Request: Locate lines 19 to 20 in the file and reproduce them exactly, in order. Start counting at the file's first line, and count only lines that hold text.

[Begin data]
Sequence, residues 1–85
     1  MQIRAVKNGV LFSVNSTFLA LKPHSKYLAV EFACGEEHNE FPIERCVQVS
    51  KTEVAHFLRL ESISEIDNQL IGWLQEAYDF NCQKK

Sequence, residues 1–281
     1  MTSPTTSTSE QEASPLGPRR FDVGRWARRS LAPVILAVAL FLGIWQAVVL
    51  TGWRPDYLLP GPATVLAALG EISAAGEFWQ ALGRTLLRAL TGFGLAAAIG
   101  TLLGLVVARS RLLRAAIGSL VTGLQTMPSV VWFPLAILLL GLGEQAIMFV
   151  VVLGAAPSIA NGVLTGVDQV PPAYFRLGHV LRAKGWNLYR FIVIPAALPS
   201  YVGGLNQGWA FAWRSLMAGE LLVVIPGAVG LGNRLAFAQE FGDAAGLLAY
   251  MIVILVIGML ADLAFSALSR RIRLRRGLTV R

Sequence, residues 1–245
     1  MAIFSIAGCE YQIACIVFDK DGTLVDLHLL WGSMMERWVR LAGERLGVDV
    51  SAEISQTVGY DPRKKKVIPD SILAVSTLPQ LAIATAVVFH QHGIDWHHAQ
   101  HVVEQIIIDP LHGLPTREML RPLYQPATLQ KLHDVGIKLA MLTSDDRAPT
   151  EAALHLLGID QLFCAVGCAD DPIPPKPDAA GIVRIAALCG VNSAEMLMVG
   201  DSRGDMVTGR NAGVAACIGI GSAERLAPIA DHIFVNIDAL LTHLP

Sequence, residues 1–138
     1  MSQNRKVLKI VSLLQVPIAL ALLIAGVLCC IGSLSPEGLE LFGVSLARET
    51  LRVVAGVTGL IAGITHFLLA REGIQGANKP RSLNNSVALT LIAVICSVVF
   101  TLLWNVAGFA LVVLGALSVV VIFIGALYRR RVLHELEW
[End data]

    51  LRVVAGVTGL IAGITHFLLA REGIQGANKP RSLNNSVALT LIAVICSVVF
   101  TLLWNVAGFA LVVLGALSVV VIFIGALYRR RVLHELEW